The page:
While Rice admits he does drink the odd spirit “every now and then”, the root of this is a more mature and serious-minded reason. He wants to acquit himself like an elite athlete.
“As footballers we have never got the time to, it’s game after game. If you want to live that life, I think you may as well do something else. You have to be on it 24/7. Recovery is so important in terms of sleep and what we do after games. So much is put in place and if you go out after a game and have a drink, it is not going to help you the next day when you go into training, so I can save that for the end of my career.”
The same approach has got him fit for Euro 2020, after a moment when it did look like his summer might be under threat. Rice actually ruptured his lateral collateral ligament, in one of England’s last competitive games, the World Cup qualifying win against Poland in March. His recounting of it also gives an insight into his personality.
“It was crazy how it happened. I did it in the 60th minute and played the rest of the game but my knee was feeling unstable. It wasn’t right. It would keep moving. After the game, I mentioned it to the doc and it seemed like nothing. It was strange. When I got home I texted the West Ham doctor and said this isn’t right. I’m a bit of a worrier. He sent me a scan and it came back when I was on my way home.
An injured Rice watched much of West Ham’s season run-in from the bench
“I got the call saying I ruptured my LCL and straight away I asked: ‘Am I going to miss the Euros? ‘Am I going to miss the end of the season?’ They said they couldn’t put a timeframe on it, and they didn’t know if it needed surgery, but it could be 10-12 weeks. I’m thinking… ‘Oh.’ The first person I called was my dad and then [Mark] Noble. He always gives me good advice and calms me down.
“Once we saw the knee specialist, he gave me full belief I could be back and then as soon as I started my rehab it was six weeks, no days off, and really smashed it out. I was back running in four weeks. It could have been three but I didn’t want to push. Then it was more the fitness side. I played three games in seven days after six weeks at the end of the season, so that was tough, but now my knee feels really good and strong. I’ve done everything right which gives me the best chance to perform.”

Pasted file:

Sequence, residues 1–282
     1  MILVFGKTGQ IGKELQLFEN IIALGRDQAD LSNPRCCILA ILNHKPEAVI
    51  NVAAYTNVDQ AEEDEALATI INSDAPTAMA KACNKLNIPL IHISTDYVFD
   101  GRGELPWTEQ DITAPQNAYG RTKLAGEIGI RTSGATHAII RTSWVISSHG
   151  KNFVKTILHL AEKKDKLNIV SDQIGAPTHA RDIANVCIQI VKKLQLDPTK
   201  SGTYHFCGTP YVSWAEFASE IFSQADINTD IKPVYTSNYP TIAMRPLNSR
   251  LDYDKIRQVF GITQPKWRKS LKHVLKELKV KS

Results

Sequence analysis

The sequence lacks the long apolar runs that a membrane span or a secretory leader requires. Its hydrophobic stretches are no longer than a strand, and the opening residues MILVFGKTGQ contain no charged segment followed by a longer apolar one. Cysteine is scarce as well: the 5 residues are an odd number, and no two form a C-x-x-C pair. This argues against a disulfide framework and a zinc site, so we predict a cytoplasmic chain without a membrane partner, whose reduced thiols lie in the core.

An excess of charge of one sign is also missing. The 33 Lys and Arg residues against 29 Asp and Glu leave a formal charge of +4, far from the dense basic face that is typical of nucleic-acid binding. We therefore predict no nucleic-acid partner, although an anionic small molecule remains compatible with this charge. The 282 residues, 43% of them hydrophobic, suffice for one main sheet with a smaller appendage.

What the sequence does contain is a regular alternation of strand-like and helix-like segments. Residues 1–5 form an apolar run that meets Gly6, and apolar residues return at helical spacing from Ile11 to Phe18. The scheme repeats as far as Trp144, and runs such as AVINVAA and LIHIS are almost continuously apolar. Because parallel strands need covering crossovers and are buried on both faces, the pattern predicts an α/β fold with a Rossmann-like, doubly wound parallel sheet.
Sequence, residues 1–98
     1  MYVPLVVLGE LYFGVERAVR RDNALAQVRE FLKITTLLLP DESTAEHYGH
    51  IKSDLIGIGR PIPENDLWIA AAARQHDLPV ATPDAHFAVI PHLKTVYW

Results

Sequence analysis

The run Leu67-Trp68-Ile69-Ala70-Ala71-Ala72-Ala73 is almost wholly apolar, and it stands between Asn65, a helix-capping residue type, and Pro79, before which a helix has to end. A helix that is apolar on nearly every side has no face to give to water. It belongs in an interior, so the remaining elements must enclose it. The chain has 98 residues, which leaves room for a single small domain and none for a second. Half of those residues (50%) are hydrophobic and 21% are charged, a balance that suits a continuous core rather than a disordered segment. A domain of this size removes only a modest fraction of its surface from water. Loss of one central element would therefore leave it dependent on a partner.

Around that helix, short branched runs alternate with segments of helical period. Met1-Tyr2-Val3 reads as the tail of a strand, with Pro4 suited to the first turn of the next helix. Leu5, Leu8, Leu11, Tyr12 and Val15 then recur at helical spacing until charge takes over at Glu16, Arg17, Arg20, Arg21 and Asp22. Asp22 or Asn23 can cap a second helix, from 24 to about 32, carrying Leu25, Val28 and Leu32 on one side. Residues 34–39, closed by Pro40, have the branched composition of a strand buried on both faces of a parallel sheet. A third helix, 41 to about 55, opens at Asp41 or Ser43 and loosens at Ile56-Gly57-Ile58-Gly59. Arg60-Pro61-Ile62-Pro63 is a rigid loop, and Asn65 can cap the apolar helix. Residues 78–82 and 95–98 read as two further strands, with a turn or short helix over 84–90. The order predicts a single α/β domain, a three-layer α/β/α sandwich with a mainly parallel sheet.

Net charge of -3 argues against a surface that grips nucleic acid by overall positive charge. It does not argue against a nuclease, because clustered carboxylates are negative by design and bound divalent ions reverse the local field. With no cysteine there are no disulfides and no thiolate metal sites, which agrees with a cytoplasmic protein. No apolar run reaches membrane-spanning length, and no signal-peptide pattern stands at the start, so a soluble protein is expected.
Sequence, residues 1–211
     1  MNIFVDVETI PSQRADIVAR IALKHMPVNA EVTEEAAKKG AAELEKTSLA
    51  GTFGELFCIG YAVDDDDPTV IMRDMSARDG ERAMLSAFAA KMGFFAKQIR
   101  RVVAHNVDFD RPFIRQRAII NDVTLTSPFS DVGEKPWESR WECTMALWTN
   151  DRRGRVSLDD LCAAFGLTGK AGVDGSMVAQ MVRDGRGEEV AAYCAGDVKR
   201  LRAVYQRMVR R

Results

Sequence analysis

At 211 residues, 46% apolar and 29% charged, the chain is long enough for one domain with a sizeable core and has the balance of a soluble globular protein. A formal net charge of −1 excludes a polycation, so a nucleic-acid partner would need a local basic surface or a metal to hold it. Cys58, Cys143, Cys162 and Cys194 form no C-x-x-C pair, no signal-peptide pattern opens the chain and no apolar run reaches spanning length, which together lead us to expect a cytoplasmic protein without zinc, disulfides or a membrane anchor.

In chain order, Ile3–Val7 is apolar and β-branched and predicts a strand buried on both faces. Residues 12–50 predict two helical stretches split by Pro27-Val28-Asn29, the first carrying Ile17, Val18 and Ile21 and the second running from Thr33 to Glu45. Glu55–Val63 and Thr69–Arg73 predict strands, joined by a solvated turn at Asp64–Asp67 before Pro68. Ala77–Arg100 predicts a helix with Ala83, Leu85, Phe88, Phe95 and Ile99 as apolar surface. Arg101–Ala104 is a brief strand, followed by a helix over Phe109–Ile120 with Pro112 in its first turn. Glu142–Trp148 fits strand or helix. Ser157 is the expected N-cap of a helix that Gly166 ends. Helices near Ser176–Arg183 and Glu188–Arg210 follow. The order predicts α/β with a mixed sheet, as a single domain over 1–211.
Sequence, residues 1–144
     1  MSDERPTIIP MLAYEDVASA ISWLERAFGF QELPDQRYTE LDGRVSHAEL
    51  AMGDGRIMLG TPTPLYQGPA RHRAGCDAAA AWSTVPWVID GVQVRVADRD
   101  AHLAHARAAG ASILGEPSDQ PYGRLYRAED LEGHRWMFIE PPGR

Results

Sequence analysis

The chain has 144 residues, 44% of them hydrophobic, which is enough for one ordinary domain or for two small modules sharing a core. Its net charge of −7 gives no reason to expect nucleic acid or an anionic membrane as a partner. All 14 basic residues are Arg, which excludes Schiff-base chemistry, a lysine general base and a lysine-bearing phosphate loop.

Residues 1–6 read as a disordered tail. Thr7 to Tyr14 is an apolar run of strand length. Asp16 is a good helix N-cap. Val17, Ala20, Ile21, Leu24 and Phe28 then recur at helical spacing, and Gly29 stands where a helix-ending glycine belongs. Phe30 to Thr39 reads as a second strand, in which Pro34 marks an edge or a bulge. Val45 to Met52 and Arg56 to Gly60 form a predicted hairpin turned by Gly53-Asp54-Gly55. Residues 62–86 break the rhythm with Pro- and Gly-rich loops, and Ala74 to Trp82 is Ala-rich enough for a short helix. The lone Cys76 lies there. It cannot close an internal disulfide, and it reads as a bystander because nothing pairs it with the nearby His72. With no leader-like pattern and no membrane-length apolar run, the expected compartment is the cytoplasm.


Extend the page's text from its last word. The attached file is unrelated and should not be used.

There are many in the game who believe Euro 2020 could be the platform for Rice to show he can perform to much higher levels, to really be that big-club tournament player.
“I think there is far more to my game now than just a holding midfielder,” he says. “It’s funny because my coach, Alan Irvine – he’s just left West Ham – he pulled me [aside] two weeks before the end of the season and said I’ve got so many more levels that I can go to, that I just need to start showing it more. And he’s worked with some top, top players. But it kind of clicked in my head that when you are on the pitch, you need to show it. I do what I do. I am a holding midfielder and my job is to protect the defence but in terms of being on the ball, taking it forward – which I have been doing this season – getting on the edge of the box a bit more and not always being so defensive. I feel that I can definitely add so much more to my game going forward.
“I feel as if I’ve got more confident, like with the armband at West Ham. I took it into England here to have no fear, like I am at club level. I’m vocal. I try to help my team-mates out.”
There may even be the possibility of playing with his FaceTime mate, Mount, in the centre.
“Absolutely, you saw that in the last camp. We played in the midfield against Iceland, in Poland. It is definitely something we are familiar with and ready to do.”
Rice is more than ready for his first tournament. He believes it could yet end with a medal of his own.
“We’ve got some great players, we can give it a real go.”